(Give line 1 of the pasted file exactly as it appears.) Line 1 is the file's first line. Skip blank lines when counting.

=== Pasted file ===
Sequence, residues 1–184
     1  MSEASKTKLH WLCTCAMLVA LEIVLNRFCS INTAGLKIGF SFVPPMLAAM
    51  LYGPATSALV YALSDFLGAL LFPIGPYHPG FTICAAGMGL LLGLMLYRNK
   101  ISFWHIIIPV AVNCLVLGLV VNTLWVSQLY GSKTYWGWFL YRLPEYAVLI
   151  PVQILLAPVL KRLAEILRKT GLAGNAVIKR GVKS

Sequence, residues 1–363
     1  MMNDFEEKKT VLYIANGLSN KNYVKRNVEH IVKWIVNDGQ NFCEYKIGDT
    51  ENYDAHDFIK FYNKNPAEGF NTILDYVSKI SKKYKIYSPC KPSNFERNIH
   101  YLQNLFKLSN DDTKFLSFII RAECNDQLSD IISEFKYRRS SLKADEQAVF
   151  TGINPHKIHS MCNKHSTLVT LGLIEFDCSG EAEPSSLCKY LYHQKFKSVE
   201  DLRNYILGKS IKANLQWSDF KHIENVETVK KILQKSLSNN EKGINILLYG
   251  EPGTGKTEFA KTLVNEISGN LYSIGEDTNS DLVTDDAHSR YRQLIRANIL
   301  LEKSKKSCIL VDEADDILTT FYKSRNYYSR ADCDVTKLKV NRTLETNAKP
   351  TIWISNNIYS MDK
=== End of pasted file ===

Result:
Sequence, residues 1–184